From the founding of the American Colonies until the Civil War, marijuana was an important cash crop, yielding the raw materials needed for the production of canvas, clothing, and rope. The colonists, including George Washington, grew marijuana. Of course that is not what they called it. They called it "hemp," just as they called their Negro slaves "three-fifths of a persons." How many people understand how hemp. coca, and opium poppy became transformed from ordinary plants into dreaded "dangerous drugs" and realize that in losing our right to use them we have surrendered one of our most basic rights to property? Every one of us -- regardless of age, education, or competence -- has been deprived of his right to substances the government decides to call "dangerous drugs." Most Americans labor under the mistaken belief that they now enjoy many rights previously available only to a few (partially true only for blacks and women), and remain utterly unaware of the rights they have lost. Mesmerized by the mortal dangers of fictitious new diseases such as "chemical dependency" and "substance abuse," we have become diverted from the political perils of our totalitarian-therapeutic efforts at collective self-protection. The complex set of personal behaviors and social transactions we call "the drug problem" does not, in the literal sense, constitute a problem susceptible to a solution. Math problems have solutions. Social problems do not. (The solution of a math problem does not, ipso facto, create another math problem, but the solution of every social problem inexorably creates a new set of social problems.) It is a grievous mistake to conceptualize certain drugs as a "dangerous enemy" we must attack and eliminate, instead of accepting them as potentially helpful as well as harmful substances, and learning to cope with them competently. Why do we want drugs? Basically, for the same reasons we want other goods. We want drugs to relieve our pains, cure our diseases, enhance our endurance, change our moods, put us to sleep, or simply make us feel better -- just as we want bicycles and cars, trucks and tractors, ladders and chainsaws, skis and hang gliders, to make our lives more productive and more pleasant. Each year, tens of thousands of people are injured and killed as a result of accidents associated with the use of such artifacts. Why do we not speak of "ski abuse" or a "chainsaw problem"? Because we expect people who use such equipment to familiarize themselves with their use, and avoid injuring themselves or others. If they hurt themselves, we assume they did so accidentally and we try to heal their injuries. If they hurt others negligently, we punish them by both civil and criminal sanctions. Instead of trying to solve the "ski problem" or the "chain saw problem" we adapt to these dangerous devices in our environment. How our government treats drugs is no different from how a communist government treats consumer goods. The right to use a plant that grows wild in nature, such as hemp, coca, or opium is more basic than the fight to vote. A limited government, such as that of the United States, lacks the political legitimacy to deprive competent adults of the right to use whatever substances they choose.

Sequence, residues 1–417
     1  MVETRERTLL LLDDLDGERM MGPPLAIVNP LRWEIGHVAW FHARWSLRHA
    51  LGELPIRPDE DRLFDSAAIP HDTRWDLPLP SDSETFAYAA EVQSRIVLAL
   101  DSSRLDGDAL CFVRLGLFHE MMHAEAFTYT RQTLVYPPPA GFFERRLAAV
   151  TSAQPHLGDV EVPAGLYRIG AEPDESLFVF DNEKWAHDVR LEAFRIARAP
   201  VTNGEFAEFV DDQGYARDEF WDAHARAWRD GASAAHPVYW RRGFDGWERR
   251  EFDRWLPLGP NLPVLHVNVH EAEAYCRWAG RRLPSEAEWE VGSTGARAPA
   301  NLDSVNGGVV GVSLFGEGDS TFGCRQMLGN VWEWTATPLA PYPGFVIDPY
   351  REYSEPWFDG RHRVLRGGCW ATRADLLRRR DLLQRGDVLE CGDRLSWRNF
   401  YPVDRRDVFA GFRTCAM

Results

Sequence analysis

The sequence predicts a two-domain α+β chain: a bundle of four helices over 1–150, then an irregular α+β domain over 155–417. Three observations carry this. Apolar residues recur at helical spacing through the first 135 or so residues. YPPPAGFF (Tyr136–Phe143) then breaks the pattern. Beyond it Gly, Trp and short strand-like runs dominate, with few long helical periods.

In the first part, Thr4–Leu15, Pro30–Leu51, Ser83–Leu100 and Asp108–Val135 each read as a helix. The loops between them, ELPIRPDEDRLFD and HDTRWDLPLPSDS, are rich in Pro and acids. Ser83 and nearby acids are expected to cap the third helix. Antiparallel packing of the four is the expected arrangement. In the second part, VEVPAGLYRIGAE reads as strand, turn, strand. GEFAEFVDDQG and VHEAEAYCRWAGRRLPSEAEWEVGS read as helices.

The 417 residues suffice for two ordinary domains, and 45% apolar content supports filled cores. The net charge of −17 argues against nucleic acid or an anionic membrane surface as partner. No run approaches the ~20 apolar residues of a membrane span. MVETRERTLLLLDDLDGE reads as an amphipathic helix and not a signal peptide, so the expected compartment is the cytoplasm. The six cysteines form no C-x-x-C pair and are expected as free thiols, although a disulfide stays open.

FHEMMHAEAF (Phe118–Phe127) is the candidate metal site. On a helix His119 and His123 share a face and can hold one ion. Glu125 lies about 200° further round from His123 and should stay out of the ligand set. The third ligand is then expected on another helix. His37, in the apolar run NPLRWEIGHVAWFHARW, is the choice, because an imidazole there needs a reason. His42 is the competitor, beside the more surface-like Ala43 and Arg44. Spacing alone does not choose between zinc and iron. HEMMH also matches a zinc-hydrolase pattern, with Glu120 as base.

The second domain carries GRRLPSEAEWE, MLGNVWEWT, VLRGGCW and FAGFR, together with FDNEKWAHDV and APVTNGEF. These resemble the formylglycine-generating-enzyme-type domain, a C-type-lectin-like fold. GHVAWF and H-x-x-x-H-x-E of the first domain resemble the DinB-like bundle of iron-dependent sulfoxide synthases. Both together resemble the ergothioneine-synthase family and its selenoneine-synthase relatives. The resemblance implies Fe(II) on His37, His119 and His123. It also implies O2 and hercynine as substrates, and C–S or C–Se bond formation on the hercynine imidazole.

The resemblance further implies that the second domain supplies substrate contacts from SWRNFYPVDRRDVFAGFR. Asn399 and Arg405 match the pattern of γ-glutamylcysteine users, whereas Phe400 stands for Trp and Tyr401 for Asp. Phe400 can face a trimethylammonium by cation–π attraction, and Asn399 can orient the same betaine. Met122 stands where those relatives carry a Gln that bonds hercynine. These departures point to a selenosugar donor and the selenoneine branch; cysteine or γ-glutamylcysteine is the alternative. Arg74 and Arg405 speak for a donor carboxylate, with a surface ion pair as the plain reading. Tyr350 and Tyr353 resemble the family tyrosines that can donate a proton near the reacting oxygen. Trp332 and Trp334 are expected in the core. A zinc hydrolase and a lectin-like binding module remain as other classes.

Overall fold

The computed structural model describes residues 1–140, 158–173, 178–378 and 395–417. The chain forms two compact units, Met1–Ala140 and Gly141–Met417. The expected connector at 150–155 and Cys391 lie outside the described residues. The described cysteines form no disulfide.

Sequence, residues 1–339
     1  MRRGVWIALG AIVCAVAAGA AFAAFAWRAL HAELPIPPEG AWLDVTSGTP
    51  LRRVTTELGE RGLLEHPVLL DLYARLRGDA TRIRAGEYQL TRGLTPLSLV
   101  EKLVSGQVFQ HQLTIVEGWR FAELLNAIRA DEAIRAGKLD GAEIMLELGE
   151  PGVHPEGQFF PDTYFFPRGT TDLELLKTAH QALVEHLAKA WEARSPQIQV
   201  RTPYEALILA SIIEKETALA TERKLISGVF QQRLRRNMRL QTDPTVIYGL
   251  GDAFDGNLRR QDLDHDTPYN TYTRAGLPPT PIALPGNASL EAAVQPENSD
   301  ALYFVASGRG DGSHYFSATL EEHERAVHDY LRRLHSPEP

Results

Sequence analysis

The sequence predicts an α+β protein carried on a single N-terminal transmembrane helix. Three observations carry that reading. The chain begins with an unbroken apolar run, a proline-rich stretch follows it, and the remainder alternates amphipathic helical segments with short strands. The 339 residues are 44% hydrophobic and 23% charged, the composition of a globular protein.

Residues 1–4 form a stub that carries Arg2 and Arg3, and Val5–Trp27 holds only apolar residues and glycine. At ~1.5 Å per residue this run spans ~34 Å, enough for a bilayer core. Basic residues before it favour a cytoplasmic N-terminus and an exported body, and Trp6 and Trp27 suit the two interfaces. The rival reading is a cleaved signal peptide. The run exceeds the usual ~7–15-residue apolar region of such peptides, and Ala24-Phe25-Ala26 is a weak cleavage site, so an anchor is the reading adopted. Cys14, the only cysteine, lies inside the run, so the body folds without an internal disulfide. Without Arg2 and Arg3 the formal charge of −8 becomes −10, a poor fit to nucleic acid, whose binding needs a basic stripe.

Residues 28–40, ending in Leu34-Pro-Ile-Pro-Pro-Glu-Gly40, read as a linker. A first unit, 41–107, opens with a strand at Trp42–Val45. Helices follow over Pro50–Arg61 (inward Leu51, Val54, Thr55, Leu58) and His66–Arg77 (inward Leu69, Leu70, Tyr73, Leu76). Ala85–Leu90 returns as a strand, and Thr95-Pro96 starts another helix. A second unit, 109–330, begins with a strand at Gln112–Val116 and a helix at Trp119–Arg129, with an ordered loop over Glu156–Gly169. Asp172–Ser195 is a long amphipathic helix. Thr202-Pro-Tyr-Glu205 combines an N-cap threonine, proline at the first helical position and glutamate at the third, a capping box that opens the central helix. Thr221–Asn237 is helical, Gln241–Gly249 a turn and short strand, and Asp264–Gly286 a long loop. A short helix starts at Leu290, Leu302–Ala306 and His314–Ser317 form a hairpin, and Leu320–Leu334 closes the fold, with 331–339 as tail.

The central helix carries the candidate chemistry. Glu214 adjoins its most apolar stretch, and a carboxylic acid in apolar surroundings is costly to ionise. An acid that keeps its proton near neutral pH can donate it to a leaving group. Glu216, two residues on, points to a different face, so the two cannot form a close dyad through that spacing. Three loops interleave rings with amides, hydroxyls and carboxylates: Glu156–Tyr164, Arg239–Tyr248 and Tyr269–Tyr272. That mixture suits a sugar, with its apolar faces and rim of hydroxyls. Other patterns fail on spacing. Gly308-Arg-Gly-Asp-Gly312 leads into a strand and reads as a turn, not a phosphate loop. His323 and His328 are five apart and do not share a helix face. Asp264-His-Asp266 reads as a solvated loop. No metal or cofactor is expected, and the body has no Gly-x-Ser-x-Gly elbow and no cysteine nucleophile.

"The world is just fine the way it is. You're the problem. Not us."